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Letter: GBC Not Considering Allotments For New Residents On Weyside Urban Village

Published on: 19 Jan, 2021
Updated on: 19 Jan, 2021

The allotments at Bellfields.

From: Philippa Wright, chairman of the of the Guildford Allotment Co-operative Society Limited

In response to Cllr Potter’s letter (Check the reality of the Weyside allotments, not the fiction)

The Guildford Allotment Co-operative Society (GACSL)’s management committee (all unpaid) has worked with Guildford Borough Council (GBC) very amicably for the last 16 years managing 13 allotment sites on its behalf.

We have a duty of care to our landlord, of course, but we also have a duty of care on behalf of GBC to all existing tenants (currently 633 tenancies) and to all potential tenants (277 people have registered their interest in taking a plot).

GBC has a statutory duty to provide sufficient allotments. With GBC, we have been trying to identify additional sites for a number of years. No suitable sites have been identified other than the additional land adjacent to the Aldershot Road allotments [Westborough].

We have been pressing GBC to develop this land as allotments for at least five years. This has not been done despite the fact that it is part of the Guildford Strategic Plan.

Outline plan for the Weyside Urban Village.

The Slyfield Area Regeneration Project (SARP) plan has been under discussion for decades and during that time GACSL had come to the understanding with GBC that if / when it went ahead, a proportion of the current allotments would be retained as allotments. It came as a great surprise, therefore, that this understanding had not been taken into account when the Weyside Urban Village said it was taking all the plots.

Nevertheless, GACSL worked tirelessly with GBC over the last two and half years to ensure that the alternative provision was of equivalent specification to the existing sites. Unfortunately, as mentioned previously, it is difficult to find land suitable for allotments and the North Moors site is not of equivalent size.

By law, all existing tenants have to be offered a suitable alternative. It is natural their preference is to remain where they have spent years improving the soil and developing friendships.

It is appreciated that housing is very important and GACSL has never opposed this. However, and particularly in recent times, allotments are also important to the physical and mental health of those that use them. They are a source of fresh fruit and vegetables with minimum road or air miles.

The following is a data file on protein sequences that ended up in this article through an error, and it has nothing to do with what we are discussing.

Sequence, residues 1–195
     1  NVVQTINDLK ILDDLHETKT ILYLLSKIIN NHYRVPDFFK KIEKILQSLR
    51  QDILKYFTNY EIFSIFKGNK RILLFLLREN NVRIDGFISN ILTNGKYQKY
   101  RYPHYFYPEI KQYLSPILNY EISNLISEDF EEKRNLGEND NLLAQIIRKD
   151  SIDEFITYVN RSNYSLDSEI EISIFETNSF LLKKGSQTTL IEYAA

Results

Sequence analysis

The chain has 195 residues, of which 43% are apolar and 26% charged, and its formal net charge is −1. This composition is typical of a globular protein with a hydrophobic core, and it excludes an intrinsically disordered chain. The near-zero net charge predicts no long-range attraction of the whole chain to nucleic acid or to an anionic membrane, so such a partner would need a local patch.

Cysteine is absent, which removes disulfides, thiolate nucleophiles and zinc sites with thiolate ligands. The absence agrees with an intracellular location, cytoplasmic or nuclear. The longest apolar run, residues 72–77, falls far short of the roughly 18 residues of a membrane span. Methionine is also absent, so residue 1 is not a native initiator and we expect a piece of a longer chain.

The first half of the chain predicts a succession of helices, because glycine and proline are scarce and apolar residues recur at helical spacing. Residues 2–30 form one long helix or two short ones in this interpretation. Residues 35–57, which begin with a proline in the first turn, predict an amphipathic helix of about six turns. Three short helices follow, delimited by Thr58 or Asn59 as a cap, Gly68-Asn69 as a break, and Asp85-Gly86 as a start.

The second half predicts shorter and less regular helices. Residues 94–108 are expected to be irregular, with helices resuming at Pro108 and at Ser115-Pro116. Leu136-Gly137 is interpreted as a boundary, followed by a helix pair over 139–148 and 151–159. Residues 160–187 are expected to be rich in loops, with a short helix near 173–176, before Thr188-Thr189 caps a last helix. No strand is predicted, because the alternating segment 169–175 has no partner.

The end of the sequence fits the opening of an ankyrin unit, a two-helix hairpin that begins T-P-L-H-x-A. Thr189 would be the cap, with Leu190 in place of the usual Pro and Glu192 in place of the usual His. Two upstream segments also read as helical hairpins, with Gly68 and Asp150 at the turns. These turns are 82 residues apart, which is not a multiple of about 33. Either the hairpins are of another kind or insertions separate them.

In planning Weyside Urban Village, which includes apartments as part of the housing, no consideration has been given to the new residents who may want an allotment because there is no, or only tiny, garden space attached to their property.

For the number of homes being provided in this scheme, it is expected that there will be a significant additional demand, supply of which Guildford does not have.

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test 2 Responses to Letter: GBC Not Considering Allotments For New Residents On Weyside Urban Village

  1. Donna Collinson Reply

    January 20, 2021 at 5:12 pm

    Allotments are good for our physical health, now researches are also proving allotment gardening is good for our mental health, self-esteem, and overall well being for all ages. Yet there aren’t enough of them. See links.

    https://metro.co.uk/2020/11/09/allotments-are-good-for-your-mental-health-says-research-13561715/

    https://www.researchgate.net/publication/283447227_A_case-control_study_of_the_health_and_well-being_benefits_of_allotment_gardening

    Large urban villages from Guildford’s Victorian Charlotteville to modern Goldsworth Park in Woking have fully subscribed residents allotments, with waiting lists.

    Keeping established existing allotments in Guildford’s new village proposal is very important, adding integrity to the “village” element of Weyside Urban Village.

    Guildford Borough Council has an exciting opportunity to factor new allotments into this development for future residents, where many homes will have little or no outside space/garden. This to help create a cohesive community, buildings friendships, including the children.

    Pewley Down School had its own school allotment where the children thrived, as much as the veg.

    • Jim Allen Reply

      January 20, 2021 at 7:01 pm

      It seems to be all set in stone and no one is listening.

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